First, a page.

zlgdesign’s very own approach to design development processes in the organisation is a self-critique on their customised proto-typing and exploration techniques. Huat calls this design intelligence, revisited and built over many years to survive critical investigation and intellectual discourse on all levels of their work. They do away with adapting to or embracing mainstream typology in buildings but take their stance and follow artistic directions set down at the onset of the conceptual phase of design, minus the styling. They’ve always maintained and believe that their Architecture is about people, and never about style or about winning “beauty” contests, although they like competition. Their work embrace [and thereafter adopt and develop to maturity] whatever comes in the way of development of their designs, whether this makes sensible methodology or not. These processes are not ends but means to create something new, something unique, specific and exclusive to the Project. The Duyong project for instance, is definitely of the place, echoing the arts and culture of the fishing village of Trengganu.

Today’s buildings are designed to fit inside a parameter largely defined by their archetypes. Fortunately, this has become a challenge on zlgdesign’s creative processes as it embraces the concept of non-exclusivity between one building type against the other. It is in this context that zlgdesign work away from mainstream typological sets, in fact they actually design ambiguous spaces or third spaces that exhibit or inherit hybrid functionality in the final execution.

“If it doesn’t engage or connect with one’s emotion, or if it’s just not involving enough, we’ll probably just throw it out the window. We won’t want to take that thing all the way to the end…If it’s not intriguing enough, and doesn’t hold any mystery or surprises then I guess it really isn’t worth developing…the drama isn’t going to be there by the time one is finished with it, not enough to sustain the experience”, says Huat.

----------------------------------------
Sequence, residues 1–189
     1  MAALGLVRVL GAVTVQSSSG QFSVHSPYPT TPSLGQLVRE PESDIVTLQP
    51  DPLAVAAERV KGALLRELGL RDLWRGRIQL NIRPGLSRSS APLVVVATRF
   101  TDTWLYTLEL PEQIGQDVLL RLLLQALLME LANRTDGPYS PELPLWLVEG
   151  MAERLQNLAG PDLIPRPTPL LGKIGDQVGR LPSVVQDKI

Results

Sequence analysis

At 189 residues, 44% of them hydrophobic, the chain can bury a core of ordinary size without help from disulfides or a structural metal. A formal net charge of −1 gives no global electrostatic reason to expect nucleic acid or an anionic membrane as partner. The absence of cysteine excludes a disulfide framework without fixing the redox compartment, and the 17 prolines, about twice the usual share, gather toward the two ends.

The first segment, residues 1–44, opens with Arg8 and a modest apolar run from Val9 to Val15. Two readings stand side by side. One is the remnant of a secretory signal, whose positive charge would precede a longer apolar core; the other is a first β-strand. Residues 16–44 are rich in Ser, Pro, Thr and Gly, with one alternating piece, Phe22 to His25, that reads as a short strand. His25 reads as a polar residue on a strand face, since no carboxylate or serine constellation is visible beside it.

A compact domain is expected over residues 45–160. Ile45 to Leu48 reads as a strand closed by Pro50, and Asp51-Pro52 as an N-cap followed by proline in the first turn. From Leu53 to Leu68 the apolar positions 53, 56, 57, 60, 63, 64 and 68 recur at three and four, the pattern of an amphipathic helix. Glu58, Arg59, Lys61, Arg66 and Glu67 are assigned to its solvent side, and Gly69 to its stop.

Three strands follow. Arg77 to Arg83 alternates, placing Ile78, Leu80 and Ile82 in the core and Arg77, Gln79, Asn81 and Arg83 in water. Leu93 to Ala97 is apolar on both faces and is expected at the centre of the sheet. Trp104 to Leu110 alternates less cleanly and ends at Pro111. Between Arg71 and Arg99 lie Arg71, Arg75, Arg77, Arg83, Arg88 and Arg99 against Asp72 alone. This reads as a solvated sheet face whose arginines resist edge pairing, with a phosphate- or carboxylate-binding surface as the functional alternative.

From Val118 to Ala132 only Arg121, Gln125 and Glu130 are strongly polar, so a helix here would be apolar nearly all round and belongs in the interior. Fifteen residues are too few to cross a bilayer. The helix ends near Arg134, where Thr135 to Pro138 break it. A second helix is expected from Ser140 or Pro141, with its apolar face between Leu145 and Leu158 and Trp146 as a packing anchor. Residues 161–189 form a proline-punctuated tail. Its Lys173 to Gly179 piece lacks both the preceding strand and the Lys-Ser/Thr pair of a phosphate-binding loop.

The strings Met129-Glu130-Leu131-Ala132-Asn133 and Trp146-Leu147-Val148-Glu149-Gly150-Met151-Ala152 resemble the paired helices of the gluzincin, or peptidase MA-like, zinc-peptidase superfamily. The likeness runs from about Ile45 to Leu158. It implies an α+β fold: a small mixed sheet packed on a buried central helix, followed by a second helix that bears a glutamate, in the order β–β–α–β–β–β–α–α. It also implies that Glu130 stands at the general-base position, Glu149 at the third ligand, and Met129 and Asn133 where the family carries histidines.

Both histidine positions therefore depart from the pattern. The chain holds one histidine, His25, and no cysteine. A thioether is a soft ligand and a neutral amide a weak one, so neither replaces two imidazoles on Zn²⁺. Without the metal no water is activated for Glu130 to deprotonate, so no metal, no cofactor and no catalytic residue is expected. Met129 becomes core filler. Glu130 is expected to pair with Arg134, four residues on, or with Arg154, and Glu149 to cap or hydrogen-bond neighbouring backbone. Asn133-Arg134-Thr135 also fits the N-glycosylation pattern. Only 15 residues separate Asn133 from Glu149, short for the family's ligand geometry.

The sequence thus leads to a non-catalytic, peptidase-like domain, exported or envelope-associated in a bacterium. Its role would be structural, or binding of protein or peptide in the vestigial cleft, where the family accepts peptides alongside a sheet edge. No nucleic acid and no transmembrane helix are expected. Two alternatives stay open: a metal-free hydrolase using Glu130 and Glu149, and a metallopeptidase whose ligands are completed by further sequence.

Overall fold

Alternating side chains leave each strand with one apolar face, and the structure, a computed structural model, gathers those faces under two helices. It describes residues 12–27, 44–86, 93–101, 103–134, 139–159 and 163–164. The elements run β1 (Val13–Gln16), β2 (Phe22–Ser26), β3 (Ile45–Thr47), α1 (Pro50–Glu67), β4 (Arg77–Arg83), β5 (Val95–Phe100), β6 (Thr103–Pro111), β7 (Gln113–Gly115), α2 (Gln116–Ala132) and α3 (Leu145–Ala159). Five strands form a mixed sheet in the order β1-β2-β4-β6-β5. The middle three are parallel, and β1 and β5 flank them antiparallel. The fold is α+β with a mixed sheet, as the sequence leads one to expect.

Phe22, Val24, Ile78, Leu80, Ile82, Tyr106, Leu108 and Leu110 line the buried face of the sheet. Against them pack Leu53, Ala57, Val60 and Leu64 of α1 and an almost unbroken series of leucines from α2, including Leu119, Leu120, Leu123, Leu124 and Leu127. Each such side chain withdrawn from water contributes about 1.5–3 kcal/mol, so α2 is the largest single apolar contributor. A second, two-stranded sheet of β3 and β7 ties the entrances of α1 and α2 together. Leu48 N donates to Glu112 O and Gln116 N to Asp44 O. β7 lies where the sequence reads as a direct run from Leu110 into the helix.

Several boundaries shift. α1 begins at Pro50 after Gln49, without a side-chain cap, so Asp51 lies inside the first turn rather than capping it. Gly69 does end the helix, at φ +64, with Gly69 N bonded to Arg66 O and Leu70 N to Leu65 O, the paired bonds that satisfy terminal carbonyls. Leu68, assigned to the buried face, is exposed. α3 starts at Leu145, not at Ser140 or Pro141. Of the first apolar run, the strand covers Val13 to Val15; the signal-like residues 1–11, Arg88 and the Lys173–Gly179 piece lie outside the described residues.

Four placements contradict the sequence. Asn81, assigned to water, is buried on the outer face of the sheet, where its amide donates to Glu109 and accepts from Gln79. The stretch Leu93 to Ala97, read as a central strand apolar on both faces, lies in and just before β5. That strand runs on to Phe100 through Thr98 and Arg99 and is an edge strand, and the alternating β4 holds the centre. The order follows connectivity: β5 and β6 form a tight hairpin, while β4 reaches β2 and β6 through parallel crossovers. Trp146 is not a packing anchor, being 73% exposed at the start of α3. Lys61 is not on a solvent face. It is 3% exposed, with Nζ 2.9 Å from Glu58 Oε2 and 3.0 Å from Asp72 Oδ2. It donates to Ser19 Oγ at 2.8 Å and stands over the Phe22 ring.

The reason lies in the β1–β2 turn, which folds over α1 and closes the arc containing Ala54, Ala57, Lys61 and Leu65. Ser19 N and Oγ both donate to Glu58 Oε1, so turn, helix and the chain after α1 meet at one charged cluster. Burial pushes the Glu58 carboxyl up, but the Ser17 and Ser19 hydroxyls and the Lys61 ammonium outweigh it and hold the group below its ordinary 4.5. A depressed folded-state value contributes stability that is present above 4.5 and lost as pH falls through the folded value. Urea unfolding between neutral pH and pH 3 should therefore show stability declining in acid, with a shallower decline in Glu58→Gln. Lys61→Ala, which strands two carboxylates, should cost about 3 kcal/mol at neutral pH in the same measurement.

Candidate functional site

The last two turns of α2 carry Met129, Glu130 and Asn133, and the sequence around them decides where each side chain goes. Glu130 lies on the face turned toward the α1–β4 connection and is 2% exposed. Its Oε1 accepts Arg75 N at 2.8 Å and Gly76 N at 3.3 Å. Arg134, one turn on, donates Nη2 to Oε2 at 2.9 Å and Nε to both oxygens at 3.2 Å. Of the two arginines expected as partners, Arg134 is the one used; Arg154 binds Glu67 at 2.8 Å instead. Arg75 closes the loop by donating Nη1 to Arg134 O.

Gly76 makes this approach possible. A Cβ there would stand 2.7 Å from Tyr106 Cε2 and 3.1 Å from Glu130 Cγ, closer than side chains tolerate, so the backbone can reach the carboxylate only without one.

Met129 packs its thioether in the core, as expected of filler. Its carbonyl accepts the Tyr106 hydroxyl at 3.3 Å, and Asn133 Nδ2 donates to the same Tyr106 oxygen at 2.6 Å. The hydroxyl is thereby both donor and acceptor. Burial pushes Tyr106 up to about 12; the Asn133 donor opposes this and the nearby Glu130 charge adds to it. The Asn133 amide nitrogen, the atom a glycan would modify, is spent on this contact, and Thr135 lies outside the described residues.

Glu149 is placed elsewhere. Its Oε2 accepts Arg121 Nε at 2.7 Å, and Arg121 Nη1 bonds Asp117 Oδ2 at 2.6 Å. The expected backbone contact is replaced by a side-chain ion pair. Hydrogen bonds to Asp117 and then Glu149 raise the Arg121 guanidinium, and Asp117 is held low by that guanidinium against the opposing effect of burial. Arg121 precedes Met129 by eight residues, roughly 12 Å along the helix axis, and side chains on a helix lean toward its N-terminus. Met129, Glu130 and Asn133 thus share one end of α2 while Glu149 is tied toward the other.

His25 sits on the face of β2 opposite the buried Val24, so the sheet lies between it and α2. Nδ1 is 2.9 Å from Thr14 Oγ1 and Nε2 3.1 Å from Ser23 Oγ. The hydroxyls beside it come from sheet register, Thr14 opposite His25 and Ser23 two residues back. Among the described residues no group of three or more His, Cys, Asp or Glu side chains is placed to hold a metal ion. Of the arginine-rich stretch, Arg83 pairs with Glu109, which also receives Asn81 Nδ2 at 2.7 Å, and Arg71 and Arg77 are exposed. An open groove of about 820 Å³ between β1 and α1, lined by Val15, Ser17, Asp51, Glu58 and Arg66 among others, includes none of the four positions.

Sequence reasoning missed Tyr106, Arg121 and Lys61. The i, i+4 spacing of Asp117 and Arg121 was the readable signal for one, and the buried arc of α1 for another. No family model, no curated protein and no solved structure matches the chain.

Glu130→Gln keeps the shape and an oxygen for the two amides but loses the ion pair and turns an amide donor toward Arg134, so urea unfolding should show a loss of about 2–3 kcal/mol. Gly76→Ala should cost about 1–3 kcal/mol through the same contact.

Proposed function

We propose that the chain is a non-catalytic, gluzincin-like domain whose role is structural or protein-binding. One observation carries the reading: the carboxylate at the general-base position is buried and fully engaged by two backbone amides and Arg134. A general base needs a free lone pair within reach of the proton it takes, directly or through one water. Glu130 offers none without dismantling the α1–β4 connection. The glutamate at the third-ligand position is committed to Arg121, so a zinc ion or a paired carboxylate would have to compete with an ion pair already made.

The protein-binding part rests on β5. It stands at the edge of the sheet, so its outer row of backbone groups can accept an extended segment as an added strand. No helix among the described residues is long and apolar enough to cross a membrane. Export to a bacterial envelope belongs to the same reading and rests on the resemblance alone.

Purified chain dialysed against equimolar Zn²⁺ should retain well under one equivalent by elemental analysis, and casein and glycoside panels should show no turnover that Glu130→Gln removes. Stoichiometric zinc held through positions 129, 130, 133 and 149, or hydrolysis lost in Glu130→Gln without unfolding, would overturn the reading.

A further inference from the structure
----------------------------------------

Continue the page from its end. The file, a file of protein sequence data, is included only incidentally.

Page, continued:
zlgdesign’s more minimal work belies warmer and more democratic proposals that can still exhibit simpler but more cutting edge ideas. Other work gravitate towards using elements from the old world placed inside more modern envelopes. The contrast or tension resulting from these associations and juxtapositions in their work is a constant characteristic feature in recent and upcoming projects. These explorations of bringing together things from the past and those brought out of new technology or research has become a constant inspiration.

“God created paper,” Aalto wrote, “for the purpose of drawing architecture on it. Everything else is, at least for me, an abuse of paper.”

On what motivates them to design, Huat has this to say, “Thought is a form of necessary action, a precursor to a possible work of art. And if you can’t imagine it in your head, it’s not likely to materialise, let alone built. In forming that image in the mind’s eye, and then executing it is what it’s really all about. We usually start off with a sketch.”



6 thoughts on “a discourse

Leave a Reply

Fill in your details below or click an icon to log in:

WordPress.com Logo

You are commenting using your WordPress.com account. Log Out /  Change )

Google+ photo

You are commenting using your Google+ account. Log Out /  Change )

Twitter picture

You are commenting using your Twitter account. Log Out /  Change )

Facebook photo

You are commenting using your Facebook account. Log Out /  Change )


Connecting to %s